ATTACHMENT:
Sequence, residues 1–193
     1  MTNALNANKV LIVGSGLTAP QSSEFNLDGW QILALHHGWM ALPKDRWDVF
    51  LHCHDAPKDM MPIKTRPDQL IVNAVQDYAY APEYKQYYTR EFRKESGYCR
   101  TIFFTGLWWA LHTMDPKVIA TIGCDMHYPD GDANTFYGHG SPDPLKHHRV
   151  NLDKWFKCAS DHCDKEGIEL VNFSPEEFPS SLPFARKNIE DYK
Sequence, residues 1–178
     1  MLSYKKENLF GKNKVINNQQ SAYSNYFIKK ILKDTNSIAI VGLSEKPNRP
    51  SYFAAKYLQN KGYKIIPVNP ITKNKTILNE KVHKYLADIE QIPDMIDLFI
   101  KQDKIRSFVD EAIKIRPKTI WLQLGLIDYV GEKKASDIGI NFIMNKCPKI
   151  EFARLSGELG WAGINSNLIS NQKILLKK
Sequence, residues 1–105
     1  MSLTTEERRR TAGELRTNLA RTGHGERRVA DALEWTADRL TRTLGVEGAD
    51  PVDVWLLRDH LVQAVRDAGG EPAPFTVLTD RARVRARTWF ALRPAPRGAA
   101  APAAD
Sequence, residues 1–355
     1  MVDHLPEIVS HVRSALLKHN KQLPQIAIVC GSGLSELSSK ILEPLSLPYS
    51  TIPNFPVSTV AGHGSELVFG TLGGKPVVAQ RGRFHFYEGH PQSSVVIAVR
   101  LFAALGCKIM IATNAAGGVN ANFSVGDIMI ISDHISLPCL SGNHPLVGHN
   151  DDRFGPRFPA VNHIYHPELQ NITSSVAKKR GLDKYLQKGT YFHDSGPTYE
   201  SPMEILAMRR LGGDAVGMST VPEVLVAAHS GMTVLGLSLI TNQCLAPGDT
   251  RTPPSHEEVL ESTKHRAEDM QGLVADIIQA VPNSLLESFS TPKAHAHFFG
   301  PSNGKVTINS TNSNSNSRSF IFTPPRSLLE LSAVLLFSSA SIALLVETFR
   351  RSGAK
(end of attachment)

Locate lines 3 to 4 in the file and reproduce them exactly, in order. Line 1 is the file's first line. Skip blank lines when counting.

    51  LHCHDAPKDM MPIKTRPDQL IVNAVQDYAY APEYKQYYTR EFRKESGYCR
   101  TIFFTGLWWA LHTMDPKVIA TIGCDMHYPD GDANTFYGHG SPDPLKHHRV